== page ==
Spring 2000

Vol.4 – No.4

Legalsurvival.com Web Site

Legalsurvival.com, which has been recommended by Fortune Magazine, Starting Point, The American Bar Association, Yahoo, The New York State Bar Association, The Bar Association of Erie County, and USA Today had 91,000 hits during the month of March, 2000. The web site has checklists, a library of frequently asked questions and free legal forms. A wide range of current business and personal legal topics are covered and the site offers seminar information, an online bookstore, information about the services offered by Friedman & Ranzenhofer, P.C., and back issues of the Legalsurvival.com newsletter.

What’s New in Consumer Law?

Insurance company sued for discouraging auto accident victim from hiring an attorney. An insurance company was found guilty of practicing law without a license because its claims adjuster persuaded an accident victim to not hire an attorney and to settle her claim directly with the insurance company. The company was also found to have provided bad legal advice that would have amounted to malpractice if it had been an attorney. The company had adopted a controversial program of training its adjusters to build a rapport with potential claimants in an effort to keep lawyers out of the settlement process.

What’s New in DWI/Traffic Law?

New breath testing devices (by Michael S. Taheri, Esq.). Until last year, the vast majority of police agencies in New York State used the Breathalyzer when conducting breath tests of drivers suspected of Driving While Intoxicated. These Breathalyzers are now in the process of being replaced with a new generation of devices that use infrared spectrometry and other safeguards to measure a defendant’s blood alcohol content.

What’s New in Divorce/Family Law?

Spouse with Alzheimer’s disease awarded support. A husband and wife separated after less than five years of marriage. The wife, who was diagnosed with Alzheimer’s disease, moved for temporary maintenance of $5,500 per month. During the pendency of the divorce, the husband voluntarily provided $3,377 per month for temporary support and the wife received $655 per month from Social Security. She claimed that the amount provided was insufficient and that she now needed institutional care due to her deteriorating condition. The court awarded her an interim non-taxable sum of $4,100 per month. The court ruled that to deny interim maintenance because a spouse can be supported as a public charge, or as a means for providing the wife with an “incentive” to pursue Medicaid planning, was inappropriate. (New York Supreme Court, New York County).

What’s New in Estate Planning/Elder Law?

Why is probate necessary? A will is not operative until it is admitted to probate by the Surrogate’s Court. Admission to probate requires establishing, upon due notice to all required persons: (1) that the will is the will of the decedent; (2) that it has been signed and witnessed and otherwise executed as required by law; (3) that at the time of its execution the decedent was of sound mind; and (4) that it, indeed, was the Last Will and Testament of the decedent. The execution of a subsequent will revokes an earlier will.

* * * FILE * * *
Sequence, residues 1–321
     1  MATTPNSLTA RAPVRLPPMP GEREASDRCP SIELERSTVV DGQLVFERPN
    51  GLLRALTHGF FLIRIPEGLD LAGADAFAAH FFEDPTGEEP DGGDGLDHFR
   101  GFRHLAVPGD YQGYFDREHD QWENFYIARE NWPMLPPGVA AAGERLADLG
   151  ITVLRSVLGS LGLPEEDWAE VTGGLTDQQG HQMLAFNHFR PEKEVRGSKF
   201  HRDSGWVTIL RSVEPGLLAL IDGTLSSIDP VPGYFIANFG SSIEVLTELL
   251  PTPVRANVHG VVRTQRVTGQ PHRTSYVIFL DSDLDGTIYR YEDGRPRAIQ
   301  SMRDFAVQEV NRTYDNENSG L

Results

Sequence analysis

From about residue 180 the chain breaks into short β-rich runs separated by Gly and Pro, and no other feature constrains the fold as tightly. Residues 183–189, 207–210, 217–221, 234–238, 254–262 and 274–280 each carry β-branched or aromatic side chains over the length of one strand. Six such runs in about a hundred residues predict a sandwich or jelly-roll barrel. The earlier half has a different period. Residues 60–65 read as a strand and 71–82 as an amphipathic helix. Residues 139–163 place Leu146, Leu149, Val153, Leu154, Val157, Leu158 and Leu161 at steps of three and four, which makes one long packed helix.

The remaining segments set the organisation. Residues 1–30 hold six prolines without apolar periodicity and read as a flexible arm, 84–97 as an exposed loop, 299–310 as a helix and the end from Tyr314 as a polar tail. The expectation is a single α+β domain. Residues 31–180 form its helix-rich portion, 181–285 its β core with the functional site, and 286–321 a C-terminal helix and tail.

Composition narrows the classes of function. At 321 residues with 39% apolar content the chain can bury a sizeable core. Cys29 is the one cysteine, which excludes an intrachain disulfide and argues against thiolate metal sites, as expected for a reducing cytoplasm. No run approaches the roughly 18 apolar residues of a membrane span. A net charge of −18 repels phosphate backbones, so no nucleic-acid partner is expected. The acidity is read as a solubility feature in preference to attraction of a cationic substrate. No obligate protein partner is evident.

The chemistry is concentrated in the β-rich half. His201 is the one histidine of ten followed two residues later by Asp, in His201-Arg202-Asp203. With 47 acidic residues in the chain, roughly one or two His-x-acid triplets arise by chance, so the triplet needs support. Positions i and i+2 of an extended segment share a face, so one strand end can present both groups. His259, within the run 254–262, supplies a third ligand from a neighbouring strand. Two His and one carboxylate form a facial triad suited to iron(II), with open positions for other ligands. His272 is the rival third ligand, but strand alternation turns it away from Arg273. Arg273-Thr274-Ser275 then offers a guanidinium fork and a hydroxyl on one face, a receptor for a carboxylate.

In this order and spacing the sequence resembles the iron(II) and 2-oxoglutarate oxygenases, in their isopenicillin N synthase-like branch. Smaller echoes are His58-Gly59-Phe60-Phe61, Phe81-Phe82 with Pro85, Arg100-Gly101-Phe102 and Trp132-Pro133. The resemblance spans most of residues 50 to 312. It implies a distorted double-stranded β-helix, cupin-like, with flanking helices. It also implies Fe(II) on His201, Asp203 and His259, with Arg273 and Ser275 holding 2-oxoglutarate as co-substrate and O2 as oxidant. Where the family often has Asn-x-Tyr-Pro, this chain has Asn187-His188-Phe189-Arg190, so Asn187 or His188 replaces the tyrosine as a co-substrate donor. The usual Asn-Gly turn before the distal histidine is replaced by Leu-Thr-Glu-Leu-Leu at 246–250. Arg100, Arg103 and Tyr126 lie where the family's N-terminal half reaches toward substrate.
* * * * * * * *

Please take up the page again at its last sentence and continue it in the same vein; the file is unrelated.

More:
When the court is satisfied that the above conditions have been established, the will is admitted to probate and is effective for all purposes, including the transfer of the title to real property, as of the time of the decedent’s death. Until such admission, the will has no force and effect and the named executor has no authority.

What’s New in Health Law?

Doctors can be sued for negligent misrepresentation for not revealing that they were receiving financial incentives from an HMO where they told a patient that he did not need a referral to a cardiologist and the patient subsequently died of a heart attack (U.S. Court of Appeals, Eighth Circuit)…$79 million was awarded to a girl with cerebral palsy whose condition deteriorated when her health plan cut off her special care treatment (Fifteenth Judicial Circuit Court for Palm Beach County, Florida).

What’s New in Landlord/Tenant Law?

Landlord of two-family home is liable for worker’s fall. A couple purchased a duplex as a residence in 1978, renting out the other side. Since 1984, they had rented out both units. The New York Appellate Division, Third Department, ruled that they are not shielded by the Labor Law from a negligence action by a contractor who fell off the roof. The homeowners’ exemption of the Labor Law protects “owners of one and two-family dwellings who contract for but do not direct or control the work” from absolute liability. This exemption was designed to protect homeowners who lack sophistication or business acumen from the consequences of strict liability. The court ruled that when a property owner moves out of a dwelling and rents the property, he loses the benefit of the exemption.